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C.P. Chandrasekhar speaks on 'Revisiting 'Capital' in the Age of Finance'
23 September, 2017,
The third lecture, titled 'Revisiting Capital in the Age of Finance', was delivered on 23rd September, 2017 at the India Habitat Centre in New Delhi. In this lecture, he talks about the phases that capitalism went through since its inception.
C.P. Chandrasekhar Speaks on 'Capital and the Critique of Bourgeois Political Economy'
09 September, 2017,
The first lecture, titled 'Capital and the critique of bourgeois political economy', was delivered on 9 September 2017 at the India Habitat Centre in New Delhi. In this lecture, Professor Chandrasekhar talks about Marx's analysis of capitalism as an inevitably transient mode of production in a constant opposition to political economists of that period, and his contributions to the Labour Theory of Value. He also discusses how Marx's analysis does not fully examine the role of the state and the periphery as sites for primitive accumulation thus overestimating the transformative potential of capitalism.
Socialism and Welfarism
27 August, 2009, Prabhat Patnaik
Unlike welfarism, Socialism consists not just in building a humane society. It is of course that; but it is also something more. Its concern is with human freedom, with the change in the role of the people from being objects of history to being its subjects. Even though conceptually distinct, there is a dialectical connection between the two, that of contributing to the process of sharpening of class struggle - the vital reason of bourgeoisies’ opposition to Welfare State. In today’s context in India, the stiffening of the will to resist among the people, which Welfare State measures can bring about, has to be made practically effective through the intervention of the Left.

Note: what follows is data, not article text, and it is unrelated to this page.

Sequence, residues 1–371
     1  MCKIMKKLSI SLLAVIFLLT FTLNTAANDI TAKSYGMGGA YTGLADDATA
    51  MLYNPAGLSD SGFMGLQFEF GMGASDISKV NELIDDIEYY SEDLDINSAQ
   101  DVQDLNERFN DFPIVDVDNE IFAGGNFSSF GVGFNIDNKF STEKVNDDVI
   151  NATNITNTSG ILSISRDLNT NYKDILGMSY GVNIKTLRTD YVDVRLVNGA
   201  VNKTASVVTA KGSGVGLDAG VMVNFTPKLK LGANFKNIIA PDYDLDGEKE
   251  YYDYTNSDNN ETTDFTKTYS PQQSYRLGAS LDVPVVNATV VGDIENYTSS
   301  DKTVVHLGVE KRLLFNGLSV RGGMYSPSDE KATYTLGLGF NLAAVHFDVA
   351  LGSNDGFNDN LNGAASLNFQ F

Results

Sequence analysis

The CPI(M) and the Building of Capitalism
17 January, 2008, Prabhat Patnaik
This article argues that the reaction of certain sections of the media and the younger generation to certain statements made in the West Bengal CPI(M) political circles which was read as the CPI(M) having abandoned socialism is misplaced on three counts. Their arguments do not distinguish between socialist and people's democratic revolutions; between working within a system and working not to transcend the system; and between the Party and Party-led governments. All of this point towards the complexities of the Indian revolution and require an in depth understanding of the political situation.

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